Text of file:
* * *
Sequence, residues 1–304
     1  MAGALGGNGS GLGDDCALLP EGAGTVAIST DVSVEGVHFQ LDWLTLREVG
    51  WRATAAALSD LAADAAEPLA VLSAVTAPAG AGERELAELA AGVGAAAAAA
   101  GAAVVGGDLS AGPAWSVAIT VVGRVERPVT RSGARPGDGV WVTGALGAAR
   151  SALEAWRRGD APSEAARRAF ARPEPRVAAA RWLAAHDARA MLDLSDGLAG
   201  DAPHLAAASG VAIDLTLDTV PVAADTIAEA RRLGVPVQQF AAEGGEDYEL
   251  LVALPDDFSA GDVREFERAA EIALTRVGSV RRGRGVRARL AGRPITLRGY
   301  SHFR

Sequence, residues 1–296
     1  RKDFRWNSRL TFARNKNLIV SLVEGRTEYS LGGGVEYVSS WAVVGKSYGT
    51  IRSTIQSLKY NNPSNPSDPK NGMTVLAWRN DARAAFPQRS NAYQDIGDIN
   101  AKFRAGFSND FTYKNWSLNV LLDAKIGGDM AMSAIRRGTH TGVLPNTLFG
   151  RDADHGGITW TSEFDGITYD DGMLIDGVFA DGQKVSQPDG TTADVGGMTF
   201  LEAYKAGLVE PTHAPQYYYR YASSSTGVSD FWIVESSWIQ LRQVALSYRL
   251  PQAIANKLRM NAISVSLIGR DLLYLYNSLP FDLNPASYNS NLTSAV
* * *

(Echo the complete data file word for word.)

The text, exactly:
Sequence, residues 1–304
     1  MAGALGGNGS GLGDDCALLP EGAGTVAIST DVSVEGVHFQ LDWLTLREVG
    51  WRATAAALSD LAADAAEPLA VLSAVTAPAG AGERELAELA AGVGAAAAAA
   101  GAAVVGGDLS AGPAWSVAIT VVGRVERPVT RSGARPGDGV WVTGALGAAR
   151  SALEAWRRGD APSEAARRAF ARPEPRVAAA RWLAAHDARA MLDLSDGLAG
   201  DAPHLAAASG VAIDLTLDTV PVAADTIAEA RRLGVPVQQF AAEGGEDYEL
   251  LVALPDDFSA GDVREFERAA EIALTRVGSV RRGRGVRARL AGRPITLRGY
   301  SHFR

Sequence, residues 1–296
     1  RKDFRWNSRL TFARNKNLIV SLVEGRTEYS LGGGVEYVSS WAVVGKSYGT
    51  IRSTIQSLKY NNPSNPSDPK NGMTVLAWRN DARAAFPQRS NAYQDIGDIN
   101  AKFRAGFSND FTYKNWSLNV LLDAKIGGDM AMSAIRRGTH TGVLPNTLFG
   151  RDADHGGITW TSEFDGITYD DGMLIDGVFA DGQKVSQPDG TTADVGGMTF
   201  LEAYKAGLVE PTHAPQYYYR YASSSTGVSD FWIVESSWIQ LRQVALSYRL
   251  PQAIANKLRM NAISVSLIGR DLLYLYNSLP FDLNPASYNS NLTSAV